Anyone who wonders why New York Jets receiver Braylon Edwards doesn't just shut up is asking the wrong question. The better question is will he ever shut up and the answer is no.
Edwards, you see, is an attention whore. He craves the spotlight like a Kardashian and has roughly the same level of societal value and accomplishment. He won't shut up because he can't. Everything about Edwards screams "look at me!"
Nothing Edwards said this week about Cleveland, the Browns or the fans should be much of a surprise. He is a wannabe trying to further the brand of the petulant loudmouth receiver that Terell Owens pioneered years ago. Edwards like so many of his colleagues these days thinks that the road to riches is paved with attention.
He's right and he's wrong.
If you're a Hollywood bimbo you can cultivate an increasingly needy entertainment media and get noticed. Eventually it will lead to a reality show where a few people will tune in a few times for the same reason people stop and look at car wrecks. The cable company will be happy because they need just a handful of viewers to survive anyhow.
But every such star burns out eventually and in order to keep it going as long as possible they have to find new ways to be even more outrageous. That's the trajectory Edwards is on at the moment.
But if you're a professional athlete and not a real housewife of some glamorous city eventually you'll need some real accomplishments or quickly you'll be forgotten among the many others that actually have done something with their lives.
That's where Edwards is right now in his career. His one good season has mostly been forgotten because he hasn't come close to duplicating it since. Indeed, he's far more known for his drops than his catches which is the exact opposite of what a receiver should be known for.
So he's resorted to living large, running his mouth and otherwise being outrageous in order to remain relevant, angling for column inches in New York tabloids. Even Edwards' DUI earlier this season seems calculated in context.
That's why his statements this week in preparation for this week's game against the Browns is so laughable. Maybe he means half of what he said. Maybe he means all of it. But the larger point was to simply call attention to himself; make this game about him and no one else.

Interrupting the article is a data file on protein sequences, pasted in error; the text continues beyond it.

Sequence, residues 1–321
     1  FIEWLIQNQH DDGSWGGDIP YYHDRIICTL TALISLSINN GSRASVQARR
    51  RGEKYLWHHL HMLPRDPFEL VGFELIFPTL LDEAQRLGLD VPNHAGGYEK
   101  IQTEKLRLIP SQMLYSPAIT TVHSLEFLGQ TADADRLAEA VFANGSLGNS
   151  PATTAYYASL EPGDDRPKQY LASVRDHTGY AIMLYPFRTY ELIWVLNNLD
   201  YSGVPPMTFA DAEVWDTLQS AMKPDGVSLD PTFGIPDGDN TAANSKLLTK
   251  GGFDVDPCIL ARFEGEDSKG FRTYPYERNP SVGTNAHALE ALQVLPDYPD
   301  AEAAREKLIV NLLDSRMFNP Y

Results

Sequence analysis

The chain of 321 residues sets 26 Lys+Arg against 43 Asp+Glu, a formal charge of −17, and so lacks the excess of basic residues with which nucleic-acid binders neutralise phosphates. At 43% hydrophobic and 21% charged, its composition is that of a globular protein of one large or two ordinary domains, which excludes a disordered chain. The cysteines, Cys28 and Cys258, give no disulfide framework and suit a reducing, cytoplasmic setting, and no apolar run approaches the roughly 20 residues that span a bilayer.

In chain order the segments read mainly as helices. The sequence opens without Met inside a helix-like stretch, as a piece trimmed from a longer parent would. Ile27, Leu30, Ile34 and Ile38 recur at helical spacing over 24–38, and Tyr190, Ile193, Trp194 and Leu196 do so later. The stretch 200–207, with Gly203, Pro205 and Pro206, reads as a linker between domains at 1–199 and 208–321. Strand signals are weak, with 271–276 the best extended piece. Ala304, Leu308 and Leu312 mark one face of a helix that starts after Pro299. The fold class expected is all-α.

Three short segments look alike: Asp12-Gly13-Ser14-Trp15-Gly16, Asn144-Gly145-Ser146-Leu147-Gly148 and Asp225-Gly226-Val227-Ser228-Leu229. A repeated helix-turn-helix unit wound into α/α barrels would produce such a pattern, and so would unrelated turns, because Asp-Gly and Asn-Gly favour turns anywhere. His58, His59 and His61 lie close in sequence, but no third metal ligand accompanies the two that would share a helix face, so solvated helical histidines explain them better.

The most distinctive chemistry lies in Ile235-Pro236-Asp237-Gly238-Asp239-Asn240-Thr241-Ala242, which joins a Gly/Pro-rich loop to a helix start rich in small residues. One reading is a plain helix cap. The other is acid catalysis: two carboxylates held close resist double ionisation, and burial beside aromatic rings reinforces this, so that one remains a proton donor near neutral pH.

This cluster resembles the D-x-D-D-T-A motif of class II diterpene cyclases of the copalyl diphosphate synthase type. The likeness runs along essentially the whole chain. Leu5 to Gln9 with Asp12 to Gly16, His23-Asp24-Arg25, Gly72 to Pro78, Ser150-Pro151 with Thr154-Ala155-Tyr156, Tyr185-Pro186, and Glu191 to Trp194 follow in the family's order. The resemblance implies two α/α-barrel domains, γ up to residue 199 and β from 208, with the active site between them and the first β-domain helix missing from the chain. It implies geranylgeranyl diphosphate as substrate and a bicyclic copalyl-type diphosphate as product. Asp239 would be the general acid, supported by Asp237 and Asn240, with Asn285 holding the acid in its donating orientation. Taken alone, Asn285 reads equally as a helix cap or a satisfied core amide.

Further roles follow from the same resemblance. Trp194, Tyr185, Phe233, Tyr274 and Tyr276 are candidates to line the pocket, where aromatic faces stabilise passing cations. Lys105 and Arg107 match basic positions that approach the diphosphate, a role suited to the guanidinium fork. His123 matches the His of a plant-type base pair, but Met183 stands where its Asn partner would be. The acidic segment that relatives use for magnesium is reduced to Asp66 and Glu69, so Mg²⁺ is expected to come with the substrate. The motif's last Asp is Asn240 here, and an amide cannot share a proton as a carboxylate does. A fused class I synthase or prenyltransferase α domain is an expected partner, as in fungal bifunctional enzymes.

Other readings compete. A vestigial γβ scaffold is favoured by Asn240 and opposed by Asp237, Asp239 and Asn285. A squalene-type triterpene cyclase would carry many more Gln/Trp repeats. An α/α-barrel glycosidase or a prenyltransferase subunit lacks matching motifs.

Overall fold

Indeed it's probably driving Edwards batty that too much focus is on the Rex Ryan/Rob Ryan dynamic. So he figures that if he can throw a few bricks through a few windows of a few Browns fans, he'll get the headlines he craves.
The best thing to do in this case is to avoid feeding the beast. The worst thing that could happen to Edwards is not a dropped pass or two, which would be typical. It would be walking back to the team bus knowing that the fans in Cleveland could care less about what he does or what he says.
I'm sure a good many fans have already taken the Edwards bait, painted some semi-humorous signs and plan on booing him every time he steps on the field. All that will accomplish is to create a headline for him that doesn't depend on the outcome of the game. It will be mission accomplished.
If you really want to get under Edwards' skin, then there is no better way then to just yawn and move on. Remember, the opposite of love is not hate. It's indifference.
New York Jets head coach/class clown Rex Ryan opined this week that his twin brother Rob will be a head coach soon, perhaps even next year. It wasn't just a case of brotherly love talking.
Rob Ryan will indeed be a head coach. Unless the Browns' defense falls into the lake during the second half of the season, his work here in Cleveland is approaching Anne Sullivan territory.
With 8 games under their belts there are some conclusions we can draw about the defense. The linebackers are a solid group, the best group in a generation in fact. The defensive line is average. The secondary is average at best.